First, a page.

Kelly Slater Plans To Do The Unthinkable At The Paris Olympics

One last hurrah?

Kelly Slater Plans To Do The Unthinkable At The Paris Olympics

Kelly Slater wants to qualify for the Paris Games in 2024. Despite being 50 (51 next week), he plans to qualify and make history. He says if he wins a gold medal in 2024 he’ll retire, then and there.

Kelly Slater is a man with a plan. The GOAT surfer who simply refuses to quit, while contemporaries nine years younger than him (see: Mick Fanning, Joel Parkinson) are retiring in their droves, Kelly ploughs on, defiant against time (and injuries).

Less optimistic people would have given up on chasing the Olympic dream years ago. In 2019, Kelly missed out on qualifying for the Tokyo Olympics (the first year surfing was included in the Games) by one place. Instead, John John Florence and Kolohe Andino went (with John John recovering from an injury just in time to climb above Kelly in the rankings in the last event of the year).

Slater is an eternal grom though (or that’s what he would like you to believe) and has continued to compete on the WSL in the meantime. Whether you put this down to a long-term plan to end up in the Paris Olympics or whether you think he just loves the lifestyle (or both) is up to you. But he has scored some remarkable victories in that time. After an injury wracked 2021, Slater won the Pipeline Pro in 2022, beating Seth Moniz to take another world tour victory, years after people thought he would be long retired.

Slater said it was the best win of his 56. But will it give him the platform he needs to qualify for Paris? In a word: no. The slate is wiped clean every year, and everyone starts from scratch. But the confidence he has drawn from that win in 2022 has clearly made him think he has a shot in 2023, as he’s still here at 50 years of age (soon to be 51), competing with the young ones.

Per MSN, Slater recently said, while promoting his TV show Make or Break: “This will be my one chance.”

“The next [Olympics] I’ll be 55 years old. I’m not going to be on tour by then. I did say that at 40, though, when I was talking about being 50.”

Kelly Slater

“I can relate to that after so long, but I love to surf, and this is the outlet for it, still. I feel that candle kind of burning out for me. That’s been for a while, but I think I’m just going to surf until it’s totally done, and I don’t really care at all about surfing a heat and want to be somewhere else.”

If Slater did make it to the Olympics, he would be well placed to do well. The venue is one of the waves Kelly is still one of the best in the world at surfing – Teahupoo in Tahiti.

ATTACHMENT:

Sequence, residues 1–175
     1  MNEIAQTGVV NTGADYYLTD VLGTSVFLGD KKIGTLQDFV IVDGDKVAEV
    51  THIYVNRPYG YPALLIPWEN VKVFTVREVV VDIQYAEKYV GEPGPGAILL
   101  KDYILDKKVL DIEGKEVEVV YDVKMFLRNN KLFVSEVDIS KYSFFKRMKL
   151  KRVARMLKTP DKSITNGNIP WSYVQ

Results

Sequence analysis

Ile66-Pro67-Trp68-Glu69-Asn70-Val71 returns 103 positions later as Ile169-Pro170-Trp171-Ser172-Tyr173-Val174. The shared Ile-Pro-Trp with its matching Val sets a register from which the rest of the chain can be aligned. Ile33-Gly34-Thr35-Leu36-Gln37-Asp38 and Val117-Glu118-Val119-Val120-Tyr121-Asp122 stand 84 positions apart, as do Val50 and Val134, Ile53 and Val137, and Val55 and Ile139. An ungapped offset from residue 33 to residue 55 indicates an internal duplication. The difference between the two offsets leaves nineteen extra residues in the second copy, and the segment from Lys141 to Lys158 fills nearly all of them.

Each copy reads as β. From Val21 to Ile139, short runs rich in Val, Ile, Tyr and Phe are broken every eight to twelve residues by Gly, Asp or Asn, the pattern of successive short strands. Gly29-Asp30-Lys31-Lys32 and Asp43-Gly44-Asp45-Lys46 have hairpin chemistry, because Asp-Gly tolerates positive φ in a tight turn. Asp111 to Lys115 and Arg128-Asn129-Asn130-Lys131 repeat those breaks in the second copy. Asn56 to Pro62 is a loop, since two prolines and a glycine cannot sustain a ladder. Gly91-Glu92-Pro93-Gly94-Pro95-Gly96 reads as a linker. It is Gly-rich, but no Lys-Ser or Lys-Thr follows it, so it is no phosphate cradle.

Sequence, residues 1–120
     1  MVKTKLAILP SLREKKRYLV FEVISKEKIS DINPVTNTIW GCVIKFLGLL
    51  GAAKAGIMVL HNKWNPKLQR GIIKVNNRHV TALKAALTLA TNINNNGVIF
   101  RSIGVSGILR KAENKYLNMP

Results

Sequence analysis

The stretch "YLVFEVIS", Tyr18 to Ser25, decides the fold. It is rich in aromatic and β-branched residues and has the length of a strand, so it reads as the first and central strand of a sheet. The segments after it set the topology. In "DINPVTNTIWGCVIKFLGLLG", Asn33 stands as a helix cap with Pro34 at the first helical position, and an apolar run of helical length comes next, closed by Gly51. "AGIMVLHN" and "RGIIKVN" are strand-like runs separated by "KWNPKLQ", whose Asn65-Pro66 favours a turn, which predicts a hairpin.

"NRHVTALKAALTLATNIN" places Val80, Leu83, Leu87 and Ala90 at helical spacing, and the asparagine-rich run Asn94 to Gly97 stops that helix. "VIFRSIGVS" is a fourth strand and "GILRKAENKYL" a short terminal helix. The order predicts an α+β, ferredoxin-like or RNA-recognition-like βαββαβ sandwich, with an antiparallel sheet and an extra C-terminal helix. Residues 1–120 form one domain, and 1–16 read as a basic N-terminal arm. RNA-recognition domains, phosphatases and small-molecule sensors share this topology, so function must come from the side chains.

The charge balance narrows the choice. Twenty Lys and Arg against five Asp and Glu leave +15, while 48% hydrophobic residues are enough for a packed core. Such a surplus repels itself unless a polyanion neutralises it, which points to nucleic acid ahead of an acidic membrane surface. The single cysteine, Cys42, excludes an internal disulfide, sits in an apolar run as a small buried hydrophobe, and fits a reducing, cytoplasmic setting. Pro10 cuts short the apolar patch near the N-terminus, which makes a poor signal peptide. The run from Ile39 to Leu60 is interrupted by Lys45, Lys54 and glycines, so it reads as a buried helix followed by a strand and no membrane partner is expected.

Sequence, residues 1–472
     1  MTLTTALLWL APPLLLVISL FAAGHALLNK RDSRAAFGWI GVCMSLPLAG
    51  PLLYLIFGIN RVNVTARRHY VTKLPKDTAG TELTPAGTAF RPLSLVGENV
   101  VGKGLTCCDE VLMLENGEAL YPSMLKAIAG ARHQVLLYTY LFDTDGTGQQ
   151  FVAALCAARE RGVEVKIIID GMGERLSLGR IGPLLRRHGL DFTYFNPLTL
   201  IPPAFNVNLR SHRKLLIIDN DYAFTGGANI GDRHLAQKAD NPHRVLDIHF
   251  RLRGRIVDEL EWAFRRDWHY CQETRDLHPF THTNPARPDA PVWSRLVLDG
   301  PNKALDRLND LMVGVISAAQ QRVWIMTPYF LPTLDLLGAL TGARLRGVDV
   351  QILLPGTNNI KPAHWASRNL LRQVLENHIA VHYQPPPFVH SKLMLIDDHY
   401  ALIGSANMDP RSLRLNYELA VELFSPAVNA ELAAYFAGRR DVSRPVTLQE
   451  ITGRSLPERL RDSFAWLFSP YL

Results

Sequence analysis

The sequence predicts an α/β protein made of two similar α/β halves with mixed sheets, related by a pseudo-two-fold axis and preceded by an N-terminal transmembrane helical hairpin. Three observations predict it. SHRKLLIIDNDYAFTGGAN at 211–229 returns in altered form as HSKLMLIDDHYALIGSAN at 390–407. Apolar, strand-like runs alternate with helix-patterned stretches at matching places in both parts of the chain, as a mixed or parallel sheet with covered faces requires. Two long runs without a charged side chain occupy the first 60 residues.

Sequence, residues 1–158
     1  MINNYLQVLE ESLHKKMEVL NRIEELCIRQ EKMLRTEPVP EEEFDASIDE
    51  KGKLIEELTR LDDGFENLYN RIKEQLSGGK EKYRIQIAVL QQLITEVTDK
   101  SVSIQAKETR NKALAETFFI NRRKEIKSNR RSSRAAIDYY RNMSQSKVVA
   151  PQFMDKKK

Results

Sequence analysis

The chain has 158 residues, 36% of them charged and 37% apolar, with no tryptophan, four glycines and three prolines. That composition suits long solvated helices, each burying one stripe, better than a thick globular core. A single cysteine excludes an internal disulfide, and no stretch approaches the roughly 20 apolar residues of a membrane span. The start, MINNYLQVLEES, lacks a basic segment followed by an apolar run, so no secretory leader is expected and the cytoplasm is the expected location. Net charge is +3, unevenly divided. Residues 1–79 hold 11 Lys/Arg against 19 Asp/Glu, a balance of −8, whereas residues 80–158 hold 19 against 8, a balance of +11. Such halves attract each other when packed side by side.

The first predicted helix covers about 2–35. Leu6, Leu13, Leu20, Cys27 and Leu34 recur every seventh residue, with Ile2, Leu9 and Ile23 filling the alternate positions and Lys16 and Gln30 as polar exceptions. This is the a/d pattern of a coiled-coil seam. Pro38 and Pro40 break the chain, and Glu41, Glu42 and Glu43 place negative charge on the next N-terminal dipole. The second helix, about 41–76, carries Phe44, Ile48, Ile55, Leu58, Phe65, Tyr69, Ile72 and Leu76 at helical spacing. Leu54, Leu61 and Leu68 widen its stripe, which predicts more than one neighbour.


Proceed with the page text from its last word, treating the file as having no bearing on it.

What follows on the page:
“If I can get on that team, I feel like I have a good shot at potentially winning a medal or gold medal,” Slater has reportedly said of Teahupoo, which is located in the French Polynesia. “If that were the case, I will drop the mic and quit right then, but, you know, I got a lot of work to do between now and then.”

As for Kelly’s internal psychology, this Gary Smith profile on SI offers three reasons why he surfs. Firstly, the profile suggests, it was to keep up with (and outdo) his brother (“he wasn’t going to just lie there when Sean began surfing Cocoa Beach’s 14-inch waves. Kelly lifted his stomach off his boogie board, got one foot up on it … then a knee … then, ohmygod, he did it!”).

The second reason proffered was to spite his dad (“Damn. Where’d that come from? It was the memory of what really motivated him to surf his ass off during those first few years as a pro: seeing, in the hotel on the eve of contests, his competitors—men he’d worshipped as a kid—slamming beers and cheating on their wives”).

“They wouldn’t have a clue what had hit them the next day. All they’d see was this teenage dervish slashing this startling calligraphy across the canvas of a wave that no one but Kelly could read.

F.U. F.U. F.U.

But even he couldn’t read the last word: Dad.”

The third reason was apparently to deal with his anger and confusion.

“But now Dad was disappearing, chunks of his chest and neck and lymph nodes soon to roll away on a surgical cart, weight melting off from the throat cancer ravaging his body in 2001. A piece of Kelly was vanishing as well, before he’d ever figured out where the piece fit.”

“All that anger and confusion he’d siphoned off for competitive fuel without even knowing it, now had to be confronted. All the unsaid things among brothers, all the black-and-white interpretations of Mom and Dad, all swirling around his uncertainty about his career and who he’d be without it.”